President Reuven Rivlin visited Ho Chi Minh City on Thursday as part of his state visit to Vietnam. The visit marked the first by a president of Israel to the city.
The president and his wife, Nechama Rivlin, opened their visit to the city by touring a model cow dairy established in 2013 by MASHAV (the Israeli Ministry of Foreign Affairs’ international development program), together with the Ho Chi Minh regional authorities.
The dairy, which houses 200 cows, is based on an Israeli model using technology developed by leading Israeli companies in the field. Israeli experts assisted in training the dairy workers, and continued to provide professional guidance. In addition, the dairy acted as a center of excellence for the local area, and accordingly the staff regularly traveled to other dairies in the area to help farmers utilize Israeli methods.
Rivlin went on to address a Vietnam-Israeli economic conference where he oversaw the signing of a research-and-development cooperation agreement between the Israeli Office of the Chief Scientist, and the Vietnamese National Technology Innovation Fund. The agreement was aimed at laying the foundation for bilateral support in industrial R&D projects involving Vietnamese and Israeli companies.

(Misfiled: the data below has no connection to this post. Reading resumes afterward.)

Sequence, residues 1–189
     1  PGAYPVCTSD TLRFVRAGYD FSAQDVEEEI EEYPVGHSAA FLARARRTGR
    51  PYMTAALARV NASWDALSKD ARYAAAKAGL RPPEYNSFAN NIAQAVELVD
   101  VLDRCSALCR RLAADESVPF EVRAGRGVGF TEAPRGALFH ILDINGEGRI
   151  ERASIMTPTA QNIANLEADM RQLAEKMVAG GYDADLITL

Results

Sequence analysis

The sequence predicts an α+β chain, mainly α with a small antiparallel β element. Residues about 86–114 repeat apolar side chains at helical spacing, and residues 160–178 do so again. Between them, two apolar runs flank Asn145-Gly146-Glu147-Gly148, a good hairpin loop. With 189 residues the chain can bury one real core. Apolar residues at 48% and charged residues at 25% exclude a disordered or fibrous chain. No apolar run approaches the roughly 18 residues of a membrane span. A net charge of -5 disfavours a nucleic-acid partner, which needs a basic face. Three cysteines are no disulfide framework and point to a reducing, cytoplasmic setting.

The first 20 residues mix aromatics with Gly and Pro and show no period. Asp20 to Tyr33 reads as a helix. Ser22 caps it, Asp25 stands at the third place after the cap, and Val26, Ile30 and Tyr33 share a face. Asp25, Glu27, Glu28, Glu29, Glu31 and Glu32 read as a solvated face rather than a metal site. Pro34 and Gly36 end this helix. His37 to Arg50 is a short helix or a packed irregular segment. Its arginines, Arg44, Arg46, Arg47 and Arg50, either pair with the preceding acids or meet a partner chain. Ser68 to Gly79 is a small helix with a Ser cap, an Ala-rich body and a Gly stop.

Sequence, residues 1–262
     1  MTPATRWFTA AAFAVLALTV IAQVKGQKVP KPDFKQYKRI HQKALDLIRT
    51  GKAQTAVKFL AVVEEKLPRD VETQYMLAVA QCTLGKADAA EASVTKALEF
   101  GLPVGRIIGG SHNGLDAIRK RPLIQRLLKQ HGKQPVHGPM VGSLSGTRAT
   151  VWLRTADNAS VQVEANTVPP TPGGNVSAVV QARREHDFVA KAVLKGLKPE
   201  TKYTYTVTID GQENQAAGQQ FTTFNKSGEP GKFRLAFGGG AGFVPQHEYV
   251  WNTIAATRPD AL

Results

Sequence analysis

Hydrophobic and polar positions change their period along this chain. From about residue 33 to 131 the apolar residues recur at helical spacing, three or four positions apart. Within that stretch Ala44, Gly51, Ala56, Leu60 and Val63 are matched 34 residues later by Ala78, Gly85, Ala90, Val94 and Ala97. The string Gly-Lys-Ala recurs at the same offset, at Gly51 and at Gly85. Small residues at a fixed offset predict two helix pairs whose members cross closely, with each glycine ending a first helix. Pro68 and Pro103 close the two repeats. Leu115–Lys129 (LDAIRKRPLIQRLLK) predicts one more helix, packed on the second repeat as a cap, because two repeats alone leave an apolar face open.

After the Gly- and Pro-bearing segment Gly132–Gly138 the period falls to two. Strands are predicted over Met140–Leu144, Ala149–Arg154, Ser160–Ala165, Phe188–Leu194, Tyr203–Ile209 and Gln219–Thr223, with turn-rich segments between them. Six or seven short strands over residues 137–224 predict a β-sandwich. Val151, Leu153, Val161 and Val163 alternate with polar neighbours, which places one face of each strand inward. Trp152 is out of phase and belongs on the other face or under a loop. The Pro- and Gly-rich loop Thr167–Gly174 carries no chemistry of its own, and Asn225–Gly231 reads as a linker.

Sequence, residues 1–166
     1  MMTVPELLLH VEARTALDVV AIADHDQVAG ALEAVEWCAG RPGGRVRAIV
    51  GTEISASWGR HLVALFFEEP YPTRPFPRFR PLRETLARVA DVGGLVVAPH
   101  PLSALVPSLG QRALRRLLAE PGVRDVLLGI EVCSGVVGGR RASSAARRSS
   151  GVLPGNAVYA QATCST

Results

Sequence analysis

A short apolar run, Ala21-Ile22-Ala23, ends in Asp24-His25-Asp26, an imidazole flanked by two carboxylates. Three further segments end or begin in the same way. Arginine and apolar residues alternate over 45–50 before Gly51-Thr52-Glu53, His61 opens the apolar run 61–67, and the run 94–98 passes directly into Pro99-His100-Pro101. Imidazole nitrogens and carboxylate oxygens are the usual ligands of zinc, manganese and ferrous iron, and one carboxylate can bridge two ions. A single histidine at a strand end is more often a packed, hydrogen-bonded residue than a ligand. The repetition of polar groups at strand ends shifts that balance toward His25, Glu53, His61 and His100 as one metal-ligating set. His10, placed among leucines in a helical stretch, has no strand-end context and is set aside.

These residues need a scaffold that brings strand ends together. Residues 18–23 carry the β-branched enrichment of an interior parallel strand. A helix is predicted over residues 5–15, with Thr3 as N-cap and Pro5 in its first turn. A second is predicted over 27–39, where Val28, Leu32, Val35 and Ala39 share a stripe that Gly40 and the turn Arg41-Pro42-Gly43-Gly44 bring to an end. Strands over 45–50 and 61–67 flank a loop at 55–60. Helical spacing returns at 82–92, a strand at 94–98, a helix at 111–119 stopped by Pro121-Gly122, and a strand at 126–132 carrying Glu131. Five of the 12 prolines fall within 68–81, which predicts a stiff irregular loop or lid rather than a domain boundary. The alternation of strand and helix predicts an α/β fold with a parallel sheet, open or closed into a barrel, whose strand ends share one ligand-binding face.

At the beginning of the conference, the president said, “When the State of Israel was very young, we, the Israelis, called ourselves Sabras. Sabra is the fruit from the cactus plant and only grows in the desert. Like the sabra, we managed to provide water and food to make us flourish even when we didn't have enough water.
“We did it by becoming experts in making the most out of every drop. We have a shared vision, and we must let this vision grow together. Only together, can we face global challenges. If we cooperate in agriculture, if we use Israeli technology to improve Vietnamese production, we can ensure food security for millions of people around the world.”
The president’s last stop in Ho Chi Minh City was to visit the TOM laboratory, a “Tikun Olam” project to help those with special needs. The laboratory was founded in 2013 by the Zamir organization led by Josh Gottesman and Sefi Attias, and a large group of volunteers from Israel and around the world.
The laboratory has created solutions for problems faced by children with special needs; examples included the use of revolutionary 3D printers to create a hand for a child with poorly developed arms, and they worked to build a special wheelchair for another child.
The President praised their work, and thanked them for their dedication. He said, “Tikun Olam, healing a fractured world, is one of the most important values for us as Jews, a basic tenet to making the world a better place.”